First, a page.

Signed at lower right, in pen and white ink, "lallemand"; numbered on back of old mount, in pen and brown ink, "No 13".
Ryskamp, Charles, ed. Twentieth Report to the Fellows of the Pierpont Morgan Library, 1981-1983. New York : Pierpont Morgan Library, 1984, p. 269-270.
Denison, Cara D. French Drawings, 1550-1825. New York : Pierpont Morgan Library, 1984, no. 59.
Denison, Cara D., with Stephanie Wiles and Ruth S. Kraemer. Fantasy and Reality : Drawings from the Sunny Crawford von Bülow Collection. New York : Pierpont Morgan Library, 1995, no. 10, repr. in color.
Watermark: none visible through lining.
Paintings in gouache on paper surged in popularity in the last quarter of the eighteenth century and Lallemand, a Burgundian artist who specialized in landscape scenes, found an audience for his rustic, idealized views of the French countryside.
The son of a tailor in Dijon, Lallemand was trained in his father's métier but used his leisure time to draw and paint. Rather than finding work as a tailor in Paris, he found a patron for his paintings, and by 1745 he was accepted at the Académie of St. Luke. He soon ventured to Rome, where he married and enjoyed considerable success before returning to France in 1761. His signal accomplishment was the ninety-nine views he produced for illustrations to Volume V of the “Description générale et particulière ou Voyage pittoresque de la France”, Paris, 1781. This magnum opus, commissioned by Jean Benjamin de Laborde and others, was intended to form twelve volumes, though only eight were completed.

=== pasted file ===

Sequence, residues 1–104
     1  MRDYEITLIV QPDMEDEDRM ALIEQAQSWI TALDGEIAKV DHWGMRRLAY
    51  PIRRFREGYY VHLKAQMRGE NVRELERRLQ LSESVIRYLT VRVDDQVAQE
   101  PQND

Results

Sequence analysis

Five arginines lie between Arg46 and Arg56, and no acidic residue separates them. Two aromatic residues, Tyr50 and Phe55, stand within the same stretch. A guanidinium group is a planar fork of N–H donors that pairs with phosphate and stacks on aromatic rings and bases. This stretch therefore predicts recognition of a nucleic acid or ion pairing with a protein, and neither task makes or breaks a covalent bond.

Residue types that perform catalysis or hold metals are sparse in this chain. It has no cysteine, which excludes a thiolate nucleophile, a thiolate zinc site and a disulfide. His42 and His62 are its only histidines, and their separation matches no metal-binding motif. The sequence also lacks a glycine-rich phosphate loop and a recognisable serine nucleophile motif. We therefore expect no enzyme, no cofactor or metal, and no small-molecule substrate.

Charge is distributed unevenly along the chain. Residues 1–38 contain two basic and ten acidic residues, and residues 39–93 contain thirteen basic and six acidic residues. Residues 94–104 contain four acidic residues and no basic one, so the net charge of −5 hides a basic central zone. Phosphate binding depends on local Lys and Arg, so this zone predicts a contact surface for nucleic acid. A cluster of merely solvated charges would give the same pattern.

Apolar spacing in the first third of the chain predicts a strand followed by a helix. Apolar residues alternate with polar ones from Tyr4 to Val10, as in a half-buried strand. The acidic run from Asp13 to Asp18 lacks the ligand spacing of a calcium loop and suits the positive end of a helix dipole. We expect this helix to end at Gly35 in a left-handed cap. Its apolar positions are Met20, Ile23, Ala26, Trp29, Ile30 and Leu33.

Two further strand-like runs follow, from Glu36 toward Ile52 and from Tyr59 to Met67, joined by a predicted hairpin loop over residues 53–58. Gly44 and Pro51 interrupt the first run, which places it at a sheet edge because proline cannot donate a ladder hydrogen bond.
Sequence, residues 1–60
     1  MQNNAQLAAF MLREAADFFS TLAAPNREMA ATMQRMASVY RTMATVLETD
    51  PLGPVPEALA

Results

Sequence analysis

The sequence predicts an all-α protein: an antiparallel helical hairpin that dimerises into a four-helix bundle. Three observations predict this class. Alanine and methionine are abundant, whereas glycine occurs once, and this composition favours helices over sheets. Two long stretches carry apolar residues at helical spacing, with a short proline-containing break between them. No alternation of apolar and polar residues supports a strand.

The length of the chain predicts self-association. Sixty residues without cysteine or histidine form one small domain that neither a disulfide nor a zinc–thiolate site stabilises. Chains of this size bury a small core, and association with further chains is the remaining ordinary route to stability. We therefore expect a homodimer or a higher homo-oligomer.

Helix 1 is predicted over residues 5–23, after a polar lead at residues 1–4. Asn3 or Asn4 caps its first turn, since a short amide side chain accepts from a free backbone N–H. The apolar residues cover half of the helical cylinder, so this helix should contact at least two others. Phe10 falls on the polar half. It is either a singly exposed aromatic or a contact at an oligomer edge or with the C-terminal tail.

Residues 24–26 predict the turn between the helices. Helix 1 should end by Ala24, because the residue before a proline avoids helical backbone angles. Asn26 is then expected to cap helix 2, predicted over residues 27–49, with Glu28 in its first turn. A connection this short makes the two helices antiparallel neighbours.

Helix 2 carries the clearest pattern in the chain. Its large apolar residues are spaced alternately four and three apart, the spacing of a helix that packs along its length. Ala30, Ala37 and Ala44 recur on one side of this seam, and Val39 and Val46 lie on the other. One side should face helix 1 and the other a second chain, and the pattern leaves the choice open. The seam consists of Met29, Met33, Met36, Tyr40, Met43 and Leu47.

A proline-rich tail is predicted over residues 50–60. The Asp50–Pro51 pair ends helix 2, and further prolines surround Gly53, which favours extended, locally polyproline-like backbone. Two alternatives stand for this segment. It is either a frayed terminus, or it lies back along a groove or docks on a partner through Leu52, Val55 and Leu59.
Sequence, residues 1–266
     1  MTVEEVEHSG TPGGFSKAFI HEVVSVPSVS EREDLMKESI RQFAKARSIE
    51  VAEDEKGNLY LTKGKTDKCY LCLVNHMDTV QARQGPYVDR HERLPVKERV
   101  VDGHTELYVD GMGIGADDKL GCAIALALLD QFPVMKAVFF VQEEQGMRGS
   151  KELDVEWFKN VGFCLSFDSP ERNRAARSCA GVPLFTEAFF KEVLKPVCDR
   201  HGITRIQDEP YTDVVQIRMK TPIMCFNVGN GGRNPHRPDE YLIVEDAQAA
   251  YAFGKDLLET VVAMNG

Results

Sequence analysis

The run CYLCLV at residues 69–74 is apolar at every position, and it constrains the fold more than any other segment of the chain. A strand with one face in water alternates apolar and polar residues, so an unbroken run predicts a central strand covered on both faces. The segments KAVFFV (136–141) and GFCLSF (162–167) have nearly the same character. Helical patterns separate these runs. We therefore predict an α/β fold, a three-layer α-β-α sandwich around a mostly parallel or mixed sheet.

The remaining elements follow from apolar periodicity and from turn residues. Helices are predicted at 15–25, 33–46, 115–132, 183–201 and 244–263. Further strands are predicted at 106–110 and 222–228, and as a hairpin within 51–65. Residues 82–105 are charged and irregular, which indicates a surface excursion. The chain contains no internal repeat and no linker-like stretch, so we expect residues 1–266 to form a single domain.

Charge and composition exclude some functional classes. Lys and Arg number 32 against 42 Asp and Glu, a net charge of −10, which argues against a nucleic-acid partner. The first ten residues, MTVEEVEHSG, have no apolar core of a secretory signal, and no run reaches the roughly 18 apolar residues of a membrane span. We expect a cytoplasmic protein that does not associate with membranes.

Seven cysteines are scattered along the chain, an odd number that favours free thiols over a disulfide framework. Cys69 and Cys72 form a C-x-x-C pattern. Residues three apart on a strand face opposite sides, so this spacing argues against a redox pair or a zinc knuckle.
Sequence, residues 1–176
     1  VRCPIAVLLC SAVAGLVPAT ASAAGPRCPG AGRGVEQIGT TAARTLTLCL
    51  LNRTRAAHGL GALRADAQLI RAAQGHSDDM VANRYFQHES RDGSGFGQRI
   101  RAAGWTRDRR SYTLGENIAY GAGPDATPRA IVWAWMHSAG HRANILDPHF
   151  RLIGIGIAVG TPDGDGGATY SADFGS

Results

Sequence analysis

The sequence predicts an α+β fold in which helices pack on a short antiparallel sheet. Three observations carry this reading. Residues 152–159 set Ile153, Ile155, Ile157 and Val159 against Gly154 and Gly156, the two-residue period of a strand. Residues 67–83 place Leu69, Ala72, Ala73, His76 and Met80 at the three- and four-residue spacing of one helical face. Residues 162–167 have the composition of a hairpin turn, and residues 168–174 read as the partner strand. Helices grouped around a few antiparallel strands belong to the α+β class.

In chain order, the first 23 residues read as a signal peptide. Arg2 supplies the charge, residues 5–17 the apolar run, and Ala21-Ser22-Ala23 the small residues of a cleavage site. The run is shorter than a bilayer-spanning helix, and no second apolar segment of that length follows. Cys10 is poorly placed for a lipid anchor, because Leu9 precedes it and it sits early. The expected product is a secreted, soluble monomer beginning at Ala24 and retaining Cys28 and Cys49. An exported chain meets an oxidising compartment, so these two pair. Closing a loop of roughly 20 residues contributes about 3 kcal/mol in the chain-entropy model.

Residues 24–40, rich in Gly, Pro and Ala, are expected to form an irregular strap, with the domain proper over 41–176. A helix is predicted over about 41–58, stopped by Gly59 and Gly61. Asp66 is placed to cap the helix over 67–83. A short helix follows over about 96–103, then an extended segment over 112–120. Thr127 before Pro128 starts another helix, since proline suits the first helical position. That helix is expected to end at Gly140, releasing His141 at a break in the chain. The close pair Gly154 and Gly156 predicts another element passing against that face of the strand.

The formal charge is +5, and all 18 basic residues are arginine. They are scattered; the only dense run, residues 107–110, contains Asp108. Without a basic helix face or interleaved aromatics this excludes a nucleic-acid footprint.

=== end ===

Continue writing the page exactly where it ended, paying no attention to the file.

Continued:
This landscape reflects Lallemand's intimate relationship with Burgundy and the Franche-Comté. Certain elements of the composition such as the round tower, the cattle, the shepherdess on horseback, the waterfall, and the trees bending in a gentle breeze, were observed by the artist while sketching sites intended for the "Voyage pittoresque." While an imagined scene, this drawing's affinity with the landscapes of the "Voyage pittoresque" suggests a date between 1771 and 1781.
Stoll, Adolphe, former owner.